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Non-Rammed Earth Tires

 
David Biland
Posts: 45
Location: Southeastern USA - Zone 8
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I am wondering about an alternate way of using tires for an earth bermed greenhouse.  I know that ramming the tires with earth is the traditional method but what about filling the tires with soilcrete or something else that is not as labor intensive?  Is this even a possibility?  Would the structure be weaker, stronger or a disaster waiting to happen?
 
Joe Woodall
Posts: 43
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Dear Sir,

Soil Crete while it may seem less labor intensive - due to a pouring method of entering materials to a form ,  has upon the do it yourself scale, the very real probability of being a great labor to manufacture, place and while is an over excessive expensive method for most needs. I would suggest traditional Rammed Earth with its 70% sand and 30% clay  ( or 25% Clay & 5% Portland  ( or 20% Clay 10% Lime )  ) for most home construction, including greenhouse construction, is a practical solution.  When it is Stuccoed over with a proper foundation, lifted to a minimum of 6 inches over the water table level, it will last for several centuries.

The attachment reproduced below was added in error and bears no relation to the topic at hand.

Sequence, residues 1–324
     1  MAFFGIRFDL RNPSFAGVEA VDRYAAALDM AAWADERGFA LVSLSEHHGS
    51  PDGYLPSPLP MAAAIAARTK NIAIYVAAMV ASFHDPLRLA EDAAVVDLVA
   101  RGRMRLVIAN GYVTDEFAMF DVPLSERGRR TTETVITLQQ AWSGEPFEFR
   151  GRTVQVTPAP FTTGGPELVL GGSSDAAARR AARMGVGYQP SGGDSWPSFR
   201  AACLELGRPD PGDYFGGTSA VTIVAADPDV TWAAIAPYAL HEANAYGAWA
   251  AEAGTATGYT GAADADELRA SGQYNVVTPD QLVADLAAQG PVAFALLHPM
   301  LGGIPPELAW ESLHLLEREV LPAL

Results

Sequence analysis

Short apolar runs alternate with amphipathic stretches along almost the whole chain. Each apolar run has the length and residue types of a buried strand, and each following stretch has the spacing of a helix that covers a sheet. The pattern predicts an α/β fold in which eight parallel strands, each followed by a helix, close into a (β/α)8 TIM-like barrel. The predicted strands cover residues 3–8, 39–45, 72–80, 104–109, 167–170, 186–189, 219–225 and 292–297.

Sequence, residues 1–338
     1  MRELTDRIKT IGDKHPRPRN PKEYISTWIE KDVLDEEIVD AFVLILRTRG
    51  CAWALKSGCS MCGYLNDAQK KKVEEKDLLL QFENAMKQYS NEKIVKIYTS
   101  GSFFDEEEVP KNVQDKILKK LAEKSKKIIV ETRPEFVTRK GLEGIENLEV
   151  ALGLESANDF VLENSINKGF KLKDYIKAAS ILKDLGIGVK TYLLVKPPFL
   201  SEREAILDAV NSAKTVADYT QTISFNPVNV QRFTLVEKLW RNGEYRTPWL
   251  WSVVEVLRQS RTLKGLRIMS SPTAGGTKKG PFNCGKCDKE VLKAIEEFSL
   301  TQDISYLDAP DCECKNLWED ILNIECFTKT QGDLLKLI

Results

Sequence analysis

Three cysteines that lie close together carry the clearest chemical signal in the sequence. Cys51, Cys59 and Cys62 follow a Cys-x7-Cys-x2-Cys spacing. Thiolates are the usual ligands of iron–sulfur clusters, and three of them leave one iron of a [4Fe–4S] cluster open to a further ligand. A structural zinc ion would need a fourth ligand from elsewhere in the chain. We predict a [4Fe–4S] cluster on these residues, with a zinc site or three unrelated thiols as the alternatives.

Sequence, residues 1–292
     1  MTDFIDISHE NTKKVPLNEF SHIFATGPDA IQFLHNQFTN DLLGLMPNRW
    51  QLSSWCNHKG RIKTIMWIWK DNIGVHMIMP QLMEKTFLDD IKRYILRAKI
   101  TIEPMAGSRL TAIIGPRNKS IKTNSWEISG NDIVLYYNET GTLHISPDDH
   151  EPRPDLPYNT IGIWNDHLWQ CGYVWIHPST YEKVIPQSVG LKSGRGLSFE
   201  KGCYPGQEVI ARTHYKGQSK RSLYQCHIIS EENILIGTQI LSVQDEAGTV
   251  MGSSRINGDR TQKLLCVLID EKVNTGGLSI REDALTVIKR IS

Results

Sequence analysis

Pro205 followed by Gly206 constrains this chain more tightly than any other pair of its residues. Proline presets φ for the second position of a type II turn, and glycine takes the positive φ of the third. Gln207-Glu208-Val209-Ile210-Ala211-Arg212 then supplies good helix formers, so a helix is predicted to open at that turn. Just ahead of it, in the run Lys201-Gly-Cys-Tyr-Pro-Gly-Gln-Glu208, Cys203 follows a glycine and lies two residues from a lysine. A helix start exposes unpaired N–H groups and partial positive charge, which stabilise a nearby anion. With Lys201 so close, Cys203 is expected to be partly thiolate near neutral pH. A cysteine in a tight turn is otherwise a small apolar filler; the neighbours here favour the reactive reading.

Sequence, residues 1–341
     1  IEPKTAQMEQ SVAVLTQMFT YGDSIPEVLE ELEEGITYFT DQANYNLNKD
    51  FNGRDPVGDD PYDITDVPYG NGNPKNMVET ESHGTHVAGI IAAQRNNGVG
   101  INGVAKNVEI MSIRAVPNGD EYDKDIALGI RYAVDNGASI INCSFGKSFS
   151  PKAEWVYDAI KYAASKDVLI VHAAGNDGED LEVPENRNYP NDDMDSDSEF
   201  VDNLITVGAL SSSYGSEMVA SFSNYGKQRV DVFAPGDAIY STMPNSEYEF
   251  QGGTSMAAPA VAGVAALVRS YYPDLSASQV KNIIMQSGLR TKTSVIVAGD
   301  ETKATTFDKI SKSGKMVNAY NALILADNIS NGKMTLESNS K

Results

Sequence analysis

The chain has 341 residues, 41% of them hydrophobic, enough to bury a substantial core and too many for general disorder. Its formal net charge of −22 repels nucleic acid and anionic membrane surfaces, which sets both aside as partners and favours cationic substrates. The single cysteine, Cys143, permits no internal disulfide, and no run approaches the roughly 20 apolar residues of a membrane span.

I hope some of that helps you !

Joe Woodall, Eco-Architect , Managing Partner
Georgia Adobe Rammed Earth & Renewable Energy
231 Harris Lord Cemetery Road
Commerce, Georgia 30530 USA
706-363-6453
http://www.georgiaadobe.com
sales@georgiaadobe.com
 
Walter Jeffries
Posts: 1085
Location: Mountains of Vermont, USDA Zone 3
42
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As an interesting side note I was at the tire store buying a new set of winter tires (we're still in the glacial era here in Vermont) last week and I noticed that Nokia was advertising a literally green tire. I mean, the tire was actually green. I asked about it and the sales guy said that was just a gimmick, that the real tires weren't green they were just trying to make a point that that type of tire used no toxic chemicals, oils, etc in it. All the other tires do (including others by Nokia). When building a house of tires one might want to be very cautious of this issue. I use a lot of tires around the farm but they're outdoors holding things down, not in my indoor breathing space.
 
                                
Posts: 33
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I am not positive, but I think with rammed-earth tires as such in an earthship like home, the tires are coated on the inside with a thick stucco-like material that would feasibly block any chemicals/stink?

I also note that my friends garage is filled to the brim with tires and such but they don't seem to smell? Then again I haven't buried my nose next to one either 


-Johnny
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